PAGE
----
Recently a lot of the cooking for these posts have taken place on Sunday and it’s finally, f i n a l l y, starting to cool down here in Texas. I was thinking of what to make when I remembered my last Sunday night supper – two weeks ago on a trip home visiting my family. I spent a weekend with this couple in Brooklyn and we made a risotto with collard greens. The wife – my culinary cohort of sorts – and I looked at the collard greens she had gotten in a CSA share, both a bit dumbfounded. Was I, the resident “southerner” or at least the closest one to it, supposed to know what to do with it? Um…let’s make a risotto, I said. And my friend, being the wonderful cook she is, already had nearly everything on hand to do so. So we wung it. Winged it. Whatever. We came up with a rocking risotto recipe with collard greens and red peppers.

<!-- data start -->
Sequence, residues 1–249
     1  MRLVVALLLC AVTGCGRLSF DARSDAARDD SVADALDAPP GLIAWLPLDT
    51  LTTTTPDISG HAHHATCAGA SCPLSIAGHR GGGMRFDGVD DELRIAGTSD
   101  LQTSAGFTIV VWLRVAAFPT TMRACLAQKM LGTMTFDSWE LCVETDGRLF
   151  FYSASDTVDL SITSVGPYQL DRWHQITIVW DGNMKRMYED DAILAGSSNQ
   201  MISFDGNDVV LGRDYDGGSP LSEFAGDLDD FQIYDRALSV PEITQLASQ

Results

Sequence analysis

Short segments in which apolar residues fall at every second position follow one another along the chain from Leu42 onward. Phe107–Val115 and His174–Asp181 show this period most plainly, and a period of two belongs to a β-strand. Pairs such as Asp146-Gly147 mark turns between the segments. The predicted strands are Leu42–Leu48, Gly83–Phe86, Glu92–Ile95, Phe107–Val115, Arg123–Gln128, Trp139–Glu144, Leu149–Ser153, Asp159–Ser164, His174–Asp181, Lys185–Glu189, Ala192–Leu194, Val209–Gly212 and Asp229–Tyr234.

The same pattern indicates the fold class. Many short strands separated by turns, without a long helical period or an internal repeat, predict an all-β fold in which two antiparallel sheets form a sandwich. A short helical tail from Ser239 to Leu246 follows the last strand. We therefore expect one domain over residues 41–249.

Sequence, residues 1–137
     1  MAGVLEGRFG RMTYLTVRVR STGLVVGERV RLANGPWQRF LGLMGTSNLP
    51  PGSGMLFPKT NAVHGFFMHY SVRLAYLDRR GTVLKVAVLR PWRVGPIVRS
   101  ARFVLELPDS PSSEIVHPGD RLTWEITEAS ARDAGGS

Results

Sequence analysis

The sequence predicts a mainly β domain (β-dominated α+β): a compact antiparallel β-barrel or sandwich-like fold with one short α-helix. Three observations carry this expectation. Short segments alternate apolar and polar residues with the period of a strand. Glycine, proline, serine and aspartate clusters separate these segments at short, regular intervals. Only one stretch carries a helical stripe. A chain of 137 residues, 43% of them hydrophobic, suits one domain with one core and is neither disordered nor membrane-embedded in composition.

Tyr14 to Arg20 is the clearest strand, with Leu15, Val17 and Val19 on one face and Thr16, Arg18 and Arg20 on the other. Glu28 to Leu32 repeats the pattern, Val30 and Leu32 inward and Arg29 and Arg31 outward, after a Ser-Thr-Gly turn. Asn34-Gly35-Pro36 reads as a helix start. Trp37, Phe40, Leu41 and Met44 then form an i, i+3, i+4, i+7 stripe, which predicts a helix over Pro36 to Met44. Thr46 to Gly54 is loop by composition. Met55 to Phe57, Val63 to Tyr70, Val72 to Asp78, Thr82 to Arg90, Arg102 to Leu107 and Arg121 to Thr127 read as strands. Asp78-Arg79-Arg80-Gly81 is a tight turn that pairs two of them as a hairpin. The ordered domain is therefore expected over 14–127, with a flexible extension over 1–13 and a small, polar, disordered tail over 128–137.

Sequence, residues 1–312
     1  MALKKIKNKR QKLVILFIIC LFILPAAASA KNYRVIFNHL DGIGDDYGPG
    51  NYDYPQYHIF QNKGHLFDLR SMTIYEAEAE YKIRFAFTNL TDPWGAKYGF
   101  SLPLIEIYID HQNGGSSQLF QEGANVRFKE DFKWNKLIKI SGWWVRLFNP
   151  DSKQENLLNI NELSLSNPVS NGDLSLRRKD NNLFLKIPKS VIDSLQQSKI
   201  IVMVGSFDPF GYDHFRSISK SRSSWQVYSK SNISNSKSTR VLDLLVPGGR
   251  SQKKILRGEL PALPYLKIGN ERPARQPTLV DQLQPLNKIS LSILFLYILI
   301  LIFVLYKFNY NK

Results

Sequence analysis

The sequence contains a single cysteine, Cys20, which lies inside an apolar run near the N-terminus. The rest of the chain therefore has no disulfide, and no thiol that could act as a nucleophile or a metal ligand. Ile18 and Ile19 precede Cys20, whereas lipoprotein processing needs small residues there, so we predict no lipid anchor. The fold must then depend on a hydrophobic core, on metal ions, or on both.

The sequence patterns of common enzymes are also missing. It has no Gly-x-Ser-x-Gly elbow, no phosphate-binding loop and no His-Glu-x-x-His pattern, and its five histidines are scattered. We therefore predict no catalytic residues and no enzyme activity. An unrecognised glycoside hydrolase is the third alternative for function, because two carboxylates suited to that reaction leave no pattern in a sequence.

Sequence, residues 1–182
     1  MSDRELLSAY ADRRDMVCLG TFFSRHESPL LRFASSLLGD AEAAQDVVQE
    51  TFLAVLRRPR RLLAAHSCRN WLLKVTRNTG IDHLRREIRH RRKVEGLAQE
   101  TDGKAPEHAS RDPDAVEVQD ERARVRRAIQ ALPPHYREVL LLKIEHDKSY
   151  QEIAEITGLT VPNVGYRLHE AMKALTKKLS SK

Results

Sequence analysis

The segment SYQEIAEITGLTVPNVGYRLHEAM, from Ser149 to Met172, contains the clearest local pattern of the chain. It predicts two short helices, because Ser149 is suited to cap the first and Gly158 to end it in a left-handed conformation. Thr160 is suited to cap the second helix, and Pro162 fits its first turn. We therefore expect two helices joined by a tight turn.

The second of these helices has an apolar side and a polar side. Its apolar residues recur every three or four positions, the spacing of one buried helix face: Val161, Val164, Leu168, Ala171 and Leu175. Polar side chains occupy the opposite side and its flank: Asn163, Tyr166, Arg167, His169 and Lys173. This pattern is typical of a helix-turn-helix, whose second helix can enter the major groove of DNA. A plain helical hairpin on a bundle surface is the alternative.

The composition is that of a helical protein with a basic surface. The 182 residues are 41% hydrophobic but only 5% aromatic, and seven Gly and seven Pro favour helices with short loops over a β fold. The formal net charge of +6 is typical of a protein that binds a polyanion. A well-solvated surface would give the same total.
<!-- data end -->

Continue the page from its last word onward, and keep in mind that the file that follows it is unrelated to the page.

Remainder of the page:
I decided to try it again, except this time I would beef it up with some bacon. While on my way to the grocery store I called my friend to let her know I was cooking a Sunday night supper of my own. She told me that she was as well; hers was to be spaghetti and meatballs. Oh yes, delicious, I said, thinking of the last time we had made it together, stuffing each meatball with a piece of mozzarella.
Food embraces, it reminds, it can make friends over 1,500 miles apart feel close – in each other's kitchen with a glass of wine and wrists deep in ground chuck.
[Prep: 30 minutes / Cook: 30 minutes / TOTAL: 60 minutes]
[Serves 4 as main course]
- 1 large bunch collard greens, washed, stemmed, roughly chopped and blanched
- 1 red pepper, washed, cored, seeded and chopped
- 4 slices thick cut bacon or pancetta, cut into 1/2-inch slices
- ½ medium white onion, peeled and chopped
- 2 cloves garlic, peeled and minced
- 2 tablespoons unsalted butter
- 1 ½ cups Arborio rice
- ¾ cups dry white wine [I used Sauvignon Blanc]
- 5 cups low sodium vegetable or chicken broth [can substitute with a little water]
- ½ cup parmesan cheese, finely grated
- 1 bunch scallions, washed and chopped
- salt and cracked black pepper to taste